Highlands to replace its `antique’ lifts | AspenTimes.com

Highlands to replace its `antique’ lifts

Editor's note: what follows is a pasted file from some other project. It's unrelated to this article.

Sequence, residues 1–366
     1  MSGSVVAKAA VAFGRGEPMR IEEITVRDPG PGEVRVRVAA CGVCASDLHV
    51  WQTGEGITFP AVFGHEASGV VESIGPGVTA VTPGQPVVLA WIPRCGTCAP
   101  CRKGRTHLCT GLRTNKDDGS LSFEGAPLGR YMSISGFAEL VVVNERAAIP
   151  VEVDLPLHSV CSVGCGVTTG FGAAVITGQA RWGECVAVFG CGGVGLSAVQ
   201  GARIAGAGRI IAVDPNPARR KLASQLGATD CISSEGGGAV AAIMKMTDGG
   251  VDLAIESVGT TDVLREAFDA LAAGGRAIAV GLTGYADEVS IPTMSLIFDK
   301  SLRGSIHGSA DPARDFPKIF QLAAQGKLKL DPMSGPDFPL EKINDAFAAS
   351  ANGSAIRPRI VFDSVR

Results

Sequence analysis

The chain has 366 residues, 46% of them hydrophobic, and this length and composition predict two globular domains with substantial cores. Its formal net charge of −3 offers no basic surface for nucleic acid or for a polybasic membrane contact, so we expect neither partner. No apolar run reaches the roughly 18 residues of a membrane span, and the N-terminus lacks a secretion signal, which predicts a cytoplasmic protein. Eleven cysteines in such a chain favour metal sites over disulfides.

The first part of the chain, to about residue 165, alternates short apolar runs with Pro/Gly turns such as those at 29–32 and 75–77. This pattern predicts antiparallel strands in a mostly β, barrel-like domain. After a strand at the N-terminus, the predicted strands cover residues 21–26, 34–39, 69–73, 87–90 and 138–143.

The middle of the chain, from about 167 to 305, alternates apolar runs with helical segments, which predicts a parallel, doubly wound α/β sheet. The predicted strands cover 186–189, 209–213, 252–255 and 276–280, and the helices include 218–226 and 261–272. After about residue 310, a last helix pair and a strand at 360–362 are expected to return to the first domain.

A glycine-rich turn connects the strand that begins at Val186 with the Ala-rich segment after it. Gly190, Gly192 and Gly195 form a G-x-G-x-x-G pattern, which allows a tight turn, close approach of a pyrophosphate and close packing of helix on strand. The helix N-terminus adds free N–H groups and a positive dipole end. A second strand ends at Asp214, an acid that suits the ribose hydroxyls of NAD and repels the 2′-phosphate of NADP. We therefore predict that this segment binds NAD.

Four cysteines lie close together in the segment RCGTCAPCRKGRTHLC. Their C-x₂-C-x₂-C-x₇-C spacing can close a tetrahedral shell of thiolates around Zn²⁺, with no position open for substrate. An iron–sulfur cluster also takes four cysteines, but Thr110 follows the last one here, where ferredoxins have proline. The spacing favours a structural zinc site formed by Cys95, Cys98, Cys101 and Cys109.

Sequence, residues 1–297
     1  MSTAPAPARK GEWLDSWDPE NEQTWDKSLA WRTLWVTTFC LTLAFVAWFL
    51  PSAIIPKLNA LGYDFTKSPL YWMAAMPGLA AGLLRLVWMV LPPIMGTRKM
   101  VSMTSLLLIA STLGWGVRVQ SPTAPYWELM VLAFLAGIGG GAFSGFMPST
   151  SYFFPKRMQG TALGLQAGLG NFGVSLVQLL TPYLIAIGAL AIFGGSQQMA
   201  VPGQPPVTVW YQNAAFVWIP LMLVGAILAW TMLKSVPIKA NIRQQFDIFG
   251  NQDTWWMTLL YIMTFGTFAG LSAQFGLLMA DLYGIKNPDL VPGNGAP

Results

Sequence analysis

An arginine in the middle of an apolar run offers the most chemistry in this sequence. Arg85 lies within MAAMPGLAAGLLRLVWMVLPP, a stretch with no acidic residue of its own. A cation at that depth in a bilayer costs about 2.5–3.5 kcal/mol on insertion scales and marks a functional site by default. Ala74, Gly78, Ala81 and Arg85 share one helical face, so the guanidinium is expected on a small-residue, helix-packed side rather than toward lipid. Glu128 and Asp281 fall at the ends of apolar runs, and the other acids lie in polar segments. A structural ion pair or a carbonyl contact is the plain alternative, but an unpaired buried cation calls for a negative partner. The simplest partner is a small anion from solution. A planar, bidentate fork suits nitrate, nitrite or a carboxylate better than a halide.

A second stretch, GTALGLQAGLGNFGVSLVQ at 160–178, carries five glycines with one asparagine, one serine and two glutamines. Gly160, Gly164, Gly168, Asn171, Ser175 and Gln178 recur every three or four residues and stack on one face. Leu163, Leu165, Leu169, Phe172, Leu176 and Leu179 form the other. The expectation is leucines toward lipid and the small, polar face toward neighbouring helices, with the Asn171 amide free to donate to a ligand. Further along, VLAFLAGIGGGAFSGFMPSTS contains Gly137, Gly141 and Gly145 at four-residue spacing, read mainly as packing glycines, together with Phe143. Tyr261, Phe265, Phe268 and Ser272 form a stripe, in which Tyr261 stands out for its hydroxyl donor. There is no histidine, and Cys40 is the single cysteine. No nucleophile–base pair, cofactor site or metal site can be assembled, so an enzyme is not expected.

Aspen Highlands’ transformation from an ugly duckling to a beautifulswan should be complete by the start of next ski season, in theeyes of Aspen Skiing Co. officials. The Skico finalized plans Thursday to replace the nearly 40-year-oldCloud Nine chairlift with a high-speed detachable quad, accordingto Skico President and CEO Pat O’Donnell. When the $2 million-plus chairlift is installed this summer, threeold lifts will be torn out: the Olympic and Exhibition II chairsand the old Cloud Nine lift. “The 10 old lifts we started with in 1994, they’re gone,” saidHighlands Mountain Manager Ron Chauner. “I don’t think there’sanother ski area where the oldest lift is only going to be sixyears old.” The Skico has been on an aggressive lift replacement plan sinceacquiring Aspen Highlands in a merger in December 1993. The Exhibition and Loge Peak high-speed quads were installed insummer 1994. The Thunderbowl triple chairlift was added last summer.Now, the Skico has signed a contract with Poma of North Americafor the new Cloud Nine lift.No more lift museum As the Skico has installed new chairlifts, it’s taken out theantiquated models all over the mountain. Highlands used to be the butt of jokes about being a “ski liftmuseum.” Now, smokers will be hard-pressed to find any lift wherethey can easily light up their substance of choice. In this case, all three lifts to be taken out are at least 35years old, according to Chauner. They were scheduled for majormaintenance over the next three seasons. “I think that was one of the things that drove the decision,”he said. Bill Kane, Skico vice president of design and development, saidabout $500,000 worth of maintenance was scheduled for Cloud Nineand Olympic over the next three seasons. The upper and lower terminalsof Exhibition II also needed attention soon at an estimated costof $400,000. Rather than sink that amount of money into ancient lifts, theCrown family, majority owners of the privately held Aspen SkiingCo., decided to spring for the new chair. The top terminal of the new lift will be about 100 yards higheron the mountain than where the existing Cloud Nine unloads passengers.The bottom terminal will extend about 200 yards lower on the mountain.The lift will be aligned slightly west of the existing Cloud Ninelift. High-speed, low-capacity The current Cloud Nine and Olympic double chairs crawl along atrides of eight and nine minutes respectively. The new high-speedquad will cover 4,600 feet in slightly more than four minutes,according to Kane. Although the ride will be quicker, the lift will be operated as”high-speed, low-capacity so we’re not pouring people off ontothat terrain,” said Chauner. It will handle 1,200 riders per hour,same as the old Cloud Nine. Throughout the process of upgrading the chairlifts and other mountainamenities, the goal, he said, has been to “retain most of thefeeling and most of the character.” Some of the character of the old Oly chair will undoubtedly belost, Chauner acknowledged. While that chair was slow, it providedstunning views of the Maroon Bells. Some, but not all, of thoseviews will be retained by the new lift. Harder access to Oly Bowl The new lift will also unload lower on the mountain than the oldOly chair. There will no longer be direct lift access to OlympicBowl on the west side of the mountain. When skiers get off the new Cloud Nine chair and head west, theywill intercept the Aces and Eights trail, but will be too fardown to catch the top of No Name and Deception. That access willcome from the Loge lift. Arlan Hemphill, a Highlands skier for 20 years, applauded thehigh speed of the new lift, but didn’t welcome news of the alignment.”It should go all the way to the top of Oly, as far as I’m concerned,”said Hemphill. “I can understand the disbursement issue, but Istill think it should go up higher.” Kane said the Skico gave serious thought to running the new CloudNine lift to the point where the existing Oly chair unloads, butconcluded it just wouldn’t work. The increased traffic that ahigh-speed quad will attract would overwhelm the terrain at thetop of the Face of Oly, he said. The U.S. Forest Service agreed with that conclusion when it reviewedthe Skico’s master plan for Highlands five years ago. “I think it will be great. It won’t overload those constrainedareas,” said Jim Stark, winter sports administrator for the ForestService’s Aspen Ranger District. His concern is the removal of the Exhibition II chair, which servesintermediate and beginner terrain at mid-mountain. “Their terrain is still fairly prohibitive for the rank beginner,”Stark noted. “It will be even more so without the Exhibition IIlift.” Chauner said the Skico shares that concern. The effects on skiertraffic flow will be studied next season and complaints aboutthe loss of the Exhibition II lift will be logged. Construction of the new Cloud Nine lift will likely start in June.

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